Surprise, everyone! Radiohead frontman Thom Yorke announced Friday that his new solo album Tomorrow's Modern Boxes is now available for purchase onine through a "new version of BitTorrent."
In a note cowritten with longtime collaborator Nigel Godrich and posted on Radiohead's website, Yorke explained that his online distribution experiment "does not require any server uploading or hosting costs or 'cloud' malarkey." The album is available for download right now at $6.
"If it works well it could be an effective way of handing some control of Internet commerce back to people who are creating the work," Yorke added. "Enabling those people who make either music, video or any other kind of digital content to sell it themselves. Bypassing the self elected gate-keepers."
Buy it here:
Here's the full note:
As an experiment we are using a new version of BitTorrent to distribute a new Thom Yorke record.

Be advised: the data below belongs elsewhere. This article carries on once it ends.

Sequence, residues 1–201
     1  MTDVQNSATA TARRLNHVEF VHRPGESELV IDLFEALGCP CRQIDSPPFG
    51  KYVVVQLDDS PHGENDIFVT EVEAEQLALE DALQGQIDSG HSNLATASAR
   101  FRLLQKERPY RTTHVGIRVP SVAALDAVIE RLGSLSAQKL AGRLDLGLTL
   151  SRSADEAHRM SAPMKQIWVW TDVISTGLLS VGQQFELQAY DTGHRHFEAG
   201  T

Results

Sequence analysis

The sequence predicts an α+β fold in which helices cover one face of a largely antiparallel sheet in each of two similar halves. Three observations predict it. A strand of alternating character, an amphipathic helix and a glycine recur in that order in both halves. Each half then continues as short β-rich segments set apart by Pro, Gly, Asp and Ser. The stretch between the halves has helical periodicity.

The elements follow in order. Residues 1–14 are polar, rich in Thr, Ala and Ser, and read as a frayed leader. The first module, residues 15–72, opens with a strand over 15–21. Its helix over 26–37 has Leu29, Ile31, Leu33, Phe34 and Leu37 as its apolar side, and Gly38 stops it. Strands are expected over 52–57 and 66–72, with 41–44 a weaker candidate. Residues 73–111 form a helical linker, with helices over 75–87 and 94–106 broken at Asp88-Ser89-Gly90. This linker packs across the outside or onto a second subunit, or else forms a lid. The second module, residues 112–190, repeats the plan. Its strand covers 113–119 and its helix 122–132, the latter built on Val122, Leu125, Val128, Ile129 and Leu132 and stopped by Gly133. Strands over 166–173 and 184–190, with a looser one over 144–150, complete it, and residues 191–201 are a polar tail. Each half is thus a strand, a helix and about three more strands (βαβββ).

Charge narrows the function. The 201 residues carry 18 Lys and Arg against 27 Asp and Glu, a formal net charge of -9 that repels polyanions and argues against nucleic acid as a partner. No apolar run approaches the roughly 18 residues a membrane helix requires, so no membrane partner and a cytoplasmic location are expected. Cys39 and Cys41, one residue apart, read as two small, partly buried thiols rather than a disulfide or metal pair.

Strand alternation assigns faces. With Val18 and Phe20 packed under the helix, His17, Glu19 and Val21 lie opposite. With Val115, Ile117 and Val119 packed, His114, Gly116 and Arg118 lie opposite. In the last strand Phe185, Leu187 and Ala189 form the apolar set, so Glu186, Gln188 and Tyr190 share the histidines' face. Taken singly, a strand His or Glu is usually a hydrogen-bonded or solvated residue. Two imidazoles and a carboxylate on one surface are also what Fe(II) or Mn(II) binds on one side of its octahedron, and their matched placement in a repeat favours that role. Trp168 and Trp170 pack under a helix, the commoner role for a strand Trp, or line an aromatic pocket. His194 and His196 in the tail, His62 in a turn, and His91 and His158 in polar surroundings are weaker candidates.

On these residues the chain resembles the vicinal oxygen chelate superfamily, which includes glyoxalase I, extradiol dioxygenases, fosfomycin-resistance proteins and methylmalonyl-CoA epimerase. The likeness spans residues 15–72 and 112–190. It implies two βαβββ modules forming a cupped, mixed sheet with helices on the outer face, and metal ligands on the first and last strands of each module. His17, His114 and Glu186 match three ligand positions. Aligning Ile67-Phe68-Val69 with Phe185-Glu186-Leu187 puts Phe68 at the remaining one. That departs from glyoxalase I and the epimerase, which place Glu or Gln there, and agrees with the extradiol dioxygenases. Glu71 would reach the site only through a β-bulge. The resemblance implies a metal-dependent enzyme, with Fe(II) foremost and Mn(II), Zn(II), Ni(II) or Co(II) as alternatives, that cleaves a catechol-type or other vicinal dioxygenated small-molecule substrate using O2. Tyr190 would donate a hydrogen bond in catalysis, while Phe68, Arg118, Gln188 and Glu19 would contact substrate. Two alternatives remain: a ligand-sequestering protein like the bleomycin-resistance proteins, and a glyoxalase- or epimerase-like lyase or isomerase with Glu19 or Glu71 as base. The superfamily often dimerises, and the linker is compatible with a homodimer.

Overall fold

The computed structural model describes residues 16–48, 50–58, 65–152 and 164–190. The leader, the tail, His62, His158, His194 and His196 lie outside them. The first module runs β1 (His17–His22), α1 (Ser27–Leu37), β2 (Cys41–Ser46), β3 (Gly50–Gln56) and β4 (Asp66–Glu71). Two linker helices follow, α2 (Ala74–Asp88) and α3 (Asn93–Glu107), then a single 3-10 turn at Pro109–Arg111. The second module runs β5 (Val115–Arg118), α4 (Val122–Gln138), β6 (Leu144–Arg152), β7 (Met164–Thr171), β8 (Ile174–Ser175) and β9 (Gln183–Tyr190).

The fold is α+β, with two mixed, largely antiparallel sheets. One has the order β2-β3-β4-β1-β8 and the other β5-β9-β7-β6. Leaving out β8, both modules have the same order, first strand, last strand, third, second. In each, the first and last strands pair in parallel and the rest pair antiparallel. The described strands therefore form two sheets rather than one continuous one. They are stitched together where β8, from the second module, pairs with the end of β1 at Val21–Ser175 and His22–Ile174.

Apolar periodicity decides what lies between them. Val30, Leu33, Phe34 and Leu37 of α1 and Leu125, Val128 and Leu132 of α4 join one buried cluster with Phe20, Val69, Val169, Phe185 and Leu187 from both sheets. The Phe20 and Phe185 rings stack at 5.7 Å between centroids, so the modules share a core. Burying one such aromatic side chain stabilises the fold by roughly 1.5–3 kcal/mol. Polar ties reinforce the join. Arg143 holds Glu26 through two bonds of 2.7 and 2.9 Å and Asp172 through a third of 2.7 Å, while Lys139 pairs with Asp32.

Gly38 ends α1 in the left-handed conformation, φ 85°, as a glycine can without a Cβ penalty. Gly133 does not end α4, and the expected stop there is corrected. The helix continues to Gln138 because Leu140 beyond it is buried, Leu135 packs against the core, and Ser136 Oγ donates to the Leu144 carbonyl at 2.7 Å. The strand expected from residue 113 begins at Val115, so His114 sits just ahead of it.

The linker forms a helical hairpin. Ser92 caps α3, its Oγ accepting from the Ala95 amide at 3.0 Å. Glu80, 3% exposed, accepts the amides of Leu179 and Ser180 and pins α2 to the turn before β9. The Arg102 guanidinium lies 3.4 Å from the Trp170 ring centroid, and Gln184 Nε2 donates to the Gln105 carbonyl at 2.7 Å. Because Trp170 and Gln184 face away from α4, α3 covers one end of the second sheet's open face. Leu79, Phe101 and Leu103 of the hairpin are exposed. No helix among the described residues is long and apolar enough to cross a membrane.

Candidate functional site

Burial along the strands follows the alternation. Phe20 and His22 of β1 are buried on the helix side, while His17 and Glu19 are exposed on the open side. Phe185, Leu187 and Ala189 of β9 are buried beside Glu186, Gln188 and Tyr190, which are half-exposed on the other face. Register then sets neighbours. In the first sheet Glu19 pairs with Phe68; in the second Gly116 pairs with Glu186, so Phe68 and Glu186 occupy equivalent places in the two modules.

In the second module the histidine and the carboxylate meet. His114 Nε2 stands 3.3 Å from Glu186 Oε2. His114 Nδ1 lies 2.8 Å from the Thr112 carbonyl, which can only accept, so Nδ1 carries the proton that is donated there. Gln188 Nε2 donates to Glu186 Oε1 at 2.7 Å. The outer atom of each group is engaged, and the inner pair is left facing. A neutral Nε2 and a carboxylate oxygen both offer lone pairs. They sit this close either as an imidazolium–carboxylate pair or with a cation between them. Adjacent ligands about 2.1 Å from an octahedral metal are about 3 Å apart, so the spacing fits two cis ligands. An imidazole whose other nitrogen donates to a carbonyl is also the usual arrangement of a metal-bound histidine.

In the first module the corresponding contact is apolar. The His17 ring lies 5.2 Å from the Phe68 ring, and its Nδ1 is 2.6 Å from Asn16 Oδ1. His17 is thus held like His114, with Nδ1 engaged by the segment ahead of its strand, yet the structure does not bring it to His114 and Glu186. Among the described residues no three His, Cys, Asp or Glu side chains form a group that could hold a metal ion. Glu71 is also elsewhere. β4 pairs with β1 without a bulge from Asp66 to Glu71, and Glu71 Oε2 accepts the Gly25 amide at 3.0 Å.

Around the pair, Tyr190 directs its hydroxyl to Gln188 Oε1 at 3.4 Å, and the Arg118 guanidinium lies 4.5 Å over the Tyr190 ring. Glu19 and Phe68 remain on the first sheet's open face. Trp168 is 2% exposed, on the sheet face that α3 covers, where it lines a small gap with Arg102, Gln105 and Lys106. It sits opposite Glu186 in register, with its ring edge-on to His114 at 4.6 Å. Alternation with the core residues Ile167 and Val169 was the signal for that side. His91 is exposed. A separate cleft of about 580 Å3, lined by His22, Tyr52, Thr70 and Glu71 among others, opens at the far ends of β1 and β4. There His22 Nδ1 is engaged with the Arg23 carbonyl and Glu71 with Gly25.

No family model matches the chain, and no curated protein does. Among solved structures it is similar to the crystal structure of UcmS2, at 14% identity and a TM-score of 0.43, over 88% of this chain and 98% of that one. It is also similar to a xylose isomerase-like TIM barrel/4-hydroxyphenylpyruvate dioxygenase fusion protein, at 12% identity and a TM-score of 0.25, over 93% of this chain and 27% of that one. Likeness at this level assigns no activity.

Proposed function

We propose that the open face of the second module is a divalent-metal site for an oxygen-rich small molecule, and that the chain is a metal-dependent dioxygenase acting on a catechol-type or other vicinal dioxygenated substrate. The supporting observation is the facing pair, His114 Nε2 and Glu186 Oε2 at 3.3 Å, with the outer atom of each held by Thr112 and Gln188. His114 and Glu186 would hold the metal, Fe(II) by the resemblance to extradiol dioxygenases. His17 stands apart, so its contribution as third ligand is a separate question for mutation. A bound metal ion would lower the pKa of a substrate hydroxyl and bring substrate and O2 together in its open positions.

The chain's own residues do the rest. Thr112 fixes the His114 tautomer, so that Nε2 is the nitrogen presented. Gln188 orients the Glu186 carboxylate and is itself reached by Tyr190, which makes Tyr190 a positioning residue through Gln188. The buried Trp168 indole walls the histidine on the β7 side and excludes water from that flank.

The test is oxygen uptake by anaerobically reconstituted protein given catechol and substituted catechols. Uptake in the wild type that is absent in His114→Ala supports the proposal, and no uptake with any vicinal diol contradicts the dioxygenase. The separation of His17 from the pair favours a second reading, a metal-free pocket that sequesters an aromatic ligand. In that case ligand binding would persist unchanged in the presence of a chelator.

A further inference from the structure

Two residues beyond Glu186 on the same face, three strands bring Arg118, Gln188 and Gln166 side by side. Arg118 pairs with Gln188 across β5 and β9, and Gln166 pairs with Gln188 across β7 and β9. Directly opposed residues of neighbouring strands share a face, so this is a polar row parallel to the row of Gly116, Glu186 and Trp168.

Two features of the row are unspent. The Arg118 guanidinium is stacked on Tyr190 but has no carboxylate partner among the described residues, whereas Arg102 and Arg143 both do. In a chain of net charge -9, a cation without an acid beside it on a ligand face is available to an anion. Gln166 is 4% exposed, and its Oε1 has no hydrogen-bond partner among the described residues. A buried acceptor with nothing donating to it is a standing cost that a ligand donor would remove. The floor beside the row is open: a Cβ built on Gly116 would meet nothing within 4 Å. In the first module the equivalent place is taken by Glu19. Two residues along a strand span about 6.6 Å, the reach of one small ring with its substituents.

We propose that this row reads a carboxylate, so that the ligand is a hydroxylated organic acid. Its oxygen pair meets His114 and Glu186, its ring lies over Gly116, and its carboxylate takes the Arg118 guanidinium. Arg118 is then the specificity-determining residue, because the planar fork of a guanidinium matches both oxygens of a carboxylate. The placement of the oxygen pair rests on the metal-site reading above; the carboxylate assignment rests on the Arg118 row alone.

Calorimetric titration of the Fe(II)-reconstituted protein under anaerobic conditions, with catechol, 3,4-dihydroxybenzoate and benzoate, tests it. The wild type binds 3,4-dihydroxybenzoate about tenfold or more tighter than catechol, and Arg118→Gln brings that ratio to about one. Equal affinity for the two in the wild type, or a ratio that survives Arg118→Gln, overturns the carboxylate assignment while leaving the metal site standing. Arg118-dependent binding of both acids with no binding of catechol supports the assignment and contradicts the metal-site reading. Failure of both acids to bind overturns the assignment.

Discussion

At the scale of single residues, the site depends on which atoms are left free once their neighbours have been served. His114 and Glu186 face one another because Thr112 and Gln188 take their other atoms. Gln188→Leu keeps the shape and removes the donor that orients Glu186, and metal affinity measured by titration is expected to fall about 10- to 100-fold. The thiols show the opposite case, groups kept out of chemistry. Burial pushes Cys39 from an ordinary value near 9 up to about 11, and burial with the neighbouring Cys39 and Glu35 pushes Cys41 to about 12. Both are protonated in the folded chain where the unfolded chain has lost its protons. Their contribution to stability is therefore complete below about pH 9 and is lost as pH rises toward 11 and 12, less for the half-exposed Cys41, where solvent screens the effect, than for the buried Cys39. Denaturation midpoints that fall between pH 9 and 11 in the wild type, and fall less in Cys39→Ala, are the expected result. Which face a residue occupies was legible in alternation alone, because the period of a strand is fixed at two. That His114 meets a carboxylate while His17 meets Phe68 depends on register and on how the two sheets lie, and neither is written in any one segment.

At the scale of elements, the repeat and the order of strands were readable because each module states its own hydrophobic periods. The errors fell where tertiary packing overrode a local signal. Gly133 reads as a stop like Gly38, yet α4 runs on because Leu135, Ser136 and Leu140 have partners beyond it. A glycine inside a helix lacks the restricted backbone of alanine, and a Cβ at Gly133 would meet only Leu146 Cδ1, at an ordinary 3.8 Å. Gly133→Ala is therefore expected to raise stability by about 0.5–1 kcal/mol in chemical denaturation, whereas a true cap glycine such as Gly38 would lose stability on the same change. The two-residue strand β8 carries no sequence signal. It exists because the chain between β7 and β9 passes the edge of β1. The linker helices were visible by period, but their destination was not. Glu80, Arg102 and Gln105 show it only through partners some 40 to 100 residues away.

The new Torrent files have a pay gate to access a bundle of files..
The files can be anything, but in this case is an 'album'.
It's an experiment to see if the mechanics of the system are something that the general public can get its head around ...
If it works well it could be an effective way of handing some control of internet commerce back to people who are creating the work.
Enabling those people who make either music, video or any other kind of digital content to sell it themselves.
Bypassing the self elected gate-keepers.
If it works anyone can do this exactly as we have done.
The torrent mechanism does not require any server uploading or hosting costs or 'cloud' malarkey.
It's a self-contained embeddable shop front...
The network not only carries the traffic, it also hosts the file. The file is in the network.
Oh yes and it's called
Tomorrow's Modern Boxes.
This isn't the first time Yorke has experimented with distributing music online. In 2007, with the completion of In Rainbows, Radiohead said they would release the new album in its entirety 10 days later for whatever price fans wanted to pay.
In the years since, Yorke has become a vocal critic of streaming, the online music distribution system many claim to be saving the industry. He's denounced streaming services like Spotify as "the last desperate fart of a dying corpse" that is the music industry.